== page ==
The San Jose State football program is mourning former Spartans linebacker Katrell Collier, who died early Wednesday from injuries sustained in a fall from a building in downtown San Jose.
Coach Dick Tomey met with the team twice Wednesday and canceled the afternoon practice because many Spartans players and coaches, including Tomey, had spent an all-night vigil at the hospital. Collier was 24.
``All of us are devastated,'' Tomey said. ``The most important thing is for the guys on our team to celebrate Katrell's life the best way they can and then come back tomorrow.
``None of us are going to feel any better, but we'll be rested. It's not going to be gone, the hurt, the anger, the frustration. You just do the best you can.''
The San Jose Police Department is investigating the death as a possible suicide.
Collier hadn't played for the Spartans since 2004, when he saw action in three games, but he still had close friends on the team and was attempting a comeback. The Miami native regularly worked out with SJSU players this summer and was petitioning the NCAA for a sixth year of eligibility in hopes of playing this season. Teammates said Collier, who was academically ineligible last season, had been boasting about passing all his summer-session classes and that he was close to graduating with a degree in child development.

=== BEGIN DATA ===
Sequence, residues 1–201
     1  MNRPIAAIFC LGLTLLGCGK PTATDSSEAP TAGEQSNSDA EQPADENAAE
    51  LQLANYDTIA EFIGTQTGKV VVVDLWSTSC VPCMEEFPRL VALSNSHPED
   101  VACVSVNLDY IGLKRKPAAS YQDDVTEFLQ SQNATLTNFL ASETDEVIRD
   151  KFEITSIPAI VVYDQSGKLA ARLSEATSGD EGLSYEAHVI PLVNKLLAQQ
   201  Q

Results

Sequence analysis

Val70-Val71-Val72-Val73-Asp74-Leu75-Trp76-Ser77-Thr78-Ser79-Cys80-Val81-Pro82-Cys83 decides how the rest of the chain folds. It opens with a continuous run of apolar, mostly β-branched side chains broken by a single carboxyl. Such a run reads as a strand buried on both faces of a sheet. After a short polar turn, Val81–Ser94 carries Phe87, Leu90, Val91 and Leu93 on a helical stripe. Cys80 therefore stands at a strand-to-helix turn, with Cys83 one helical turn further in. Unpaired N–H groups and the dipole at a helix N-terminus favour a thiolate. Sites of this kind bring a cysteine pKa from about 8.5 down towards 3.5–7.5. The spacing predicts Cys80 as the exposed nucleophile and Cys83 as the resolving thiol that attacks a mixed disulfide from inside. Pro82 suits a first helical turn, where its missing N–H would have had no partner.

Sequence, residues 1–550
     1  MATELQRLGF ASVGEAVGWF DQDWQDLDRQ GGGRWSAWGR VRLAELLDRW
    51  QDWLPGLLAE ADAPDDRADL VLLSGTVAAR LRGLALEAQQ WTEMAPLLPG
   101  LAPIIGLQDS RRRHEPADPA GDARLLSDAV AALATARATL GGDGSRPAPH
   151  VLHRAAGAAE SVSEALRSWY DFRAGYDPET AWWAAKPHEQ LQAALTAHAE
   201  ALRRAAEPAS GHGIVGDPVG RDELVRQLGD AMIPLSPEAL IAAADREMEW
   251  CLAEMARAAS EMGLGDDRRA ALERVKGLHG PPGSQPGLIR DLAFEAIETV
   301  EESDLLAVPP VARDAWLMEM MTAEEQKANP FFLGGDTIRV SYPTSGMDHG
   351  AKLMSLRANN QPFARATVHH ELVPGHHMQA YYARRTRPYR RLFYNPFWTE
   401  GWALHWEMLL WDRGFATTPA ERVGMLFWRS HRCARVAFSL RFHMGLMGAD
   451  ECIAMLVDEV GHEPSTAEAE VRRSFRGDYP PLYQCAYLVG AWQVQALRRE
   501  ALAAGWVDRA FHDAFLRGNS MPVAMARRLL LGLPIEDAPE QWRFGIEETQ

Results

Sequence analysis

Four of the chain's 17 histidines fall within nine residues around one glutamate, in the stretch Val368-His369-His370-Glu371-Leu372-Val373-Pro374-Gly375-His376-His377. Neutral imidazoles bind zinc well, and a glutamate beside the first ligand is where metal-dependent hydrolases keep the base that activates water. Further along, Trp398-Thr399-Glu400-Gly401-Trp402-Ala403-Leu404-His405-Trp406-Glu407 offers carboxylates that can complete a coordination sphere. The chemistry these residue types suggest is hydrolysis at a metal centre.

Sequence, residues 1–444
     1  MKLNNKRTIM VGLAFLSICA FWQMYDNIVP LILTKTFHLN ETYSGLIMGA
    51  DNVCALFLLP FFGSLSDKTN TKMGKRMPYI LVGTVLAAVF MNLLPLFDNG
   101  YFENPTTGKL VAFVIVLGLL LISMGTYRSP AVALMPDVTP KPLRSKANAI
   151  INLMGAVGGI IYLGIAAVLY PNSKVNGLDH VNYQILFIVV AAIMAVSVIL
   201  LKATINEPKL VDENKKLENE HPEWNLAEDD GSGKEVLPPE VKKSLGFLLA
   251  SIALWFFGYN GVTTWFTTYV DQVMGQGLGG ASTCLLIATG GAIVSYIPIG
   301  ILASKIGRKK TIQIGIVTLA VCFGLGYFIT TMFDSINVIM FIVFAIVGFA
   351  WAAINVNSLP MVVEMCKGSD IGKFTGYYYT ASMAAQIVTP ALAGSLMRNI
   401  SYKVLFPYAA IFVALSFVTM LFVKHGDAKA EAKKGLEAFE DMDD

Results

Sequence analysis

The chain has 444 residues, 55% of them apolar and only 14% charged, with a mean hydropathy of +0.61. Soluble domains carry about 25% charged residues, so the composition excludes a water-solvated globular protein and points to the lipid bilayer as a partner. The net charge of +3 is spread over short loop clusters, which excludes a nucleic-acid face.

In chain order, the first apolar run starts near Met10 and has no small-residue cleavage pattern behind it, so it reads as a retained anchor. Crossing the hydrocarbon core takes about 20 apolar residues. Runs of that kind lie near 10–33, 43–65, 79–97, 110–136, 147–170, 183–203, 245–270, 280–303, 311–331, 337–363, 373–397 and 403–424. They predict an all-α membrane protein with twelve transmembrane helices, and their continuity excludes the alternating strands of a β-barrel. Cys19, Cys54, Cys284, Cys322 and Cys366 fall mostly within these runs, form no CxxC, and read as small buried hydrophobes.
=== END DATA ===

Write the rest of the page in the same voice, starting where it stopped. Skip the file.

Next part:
``The people who knew him are greatly affected,'' said wide receiver Chester Coleman, who along with several other Spartans roomed with Collier. ``His personality had a vibe about it that just drew people to him. He was a very outgoing, uplifting guy.
``You never saw it coming. I still can't believe it happened.''
According to several sources, authorities were summoned to Third and San Carlos streets at about 9 p.m. Tuesday and found Collier on the ground with injuries sustained from a multi-story fall. Collier was rushed to the Santa Clara Valley Medical Center. According to Coleman, doctors said Collier died at 4:34 a.m.
Most of the team didn't learn of Collier's death until Tomey met with the group Wednesday morning.
``You could hear a pin drop,'' said linebacker coach Charlie Camp. ``It was eerie. Your ears were ringing, it was so quiet.''
Quarterback Adam Tafralis said, ``Everybody takes it different, but there were plenty of tears. It was a complete shock. I was with him last week, right before we started camp. I actually have a voice mail saved from him on my phone. I'm going to have to hear that when I go back and check my messages.''
Tomey said the Spartans will resume practice today -- their first workout in pads -- and attempt to begin restoring normalcy to a program that already was shaken by the recent arrest of projected starting cornerback Ellis Jones. This wound, however, could take a while to heal.
``It's going to be pretty hard because I find myself thinking, `Man, I should have said something to him that morning, like `All right, 'Trell, bye,' '' said Coleman, who last saw Collier on Tuesday morning on his way to practice. ``I do remember he made me laugh the night before; we were watching a movie and laughing about it, so that's a good memory to have, that he put a smile on my face before I went to sleep.''
Published by Mercury News on Aug. 15, 2006.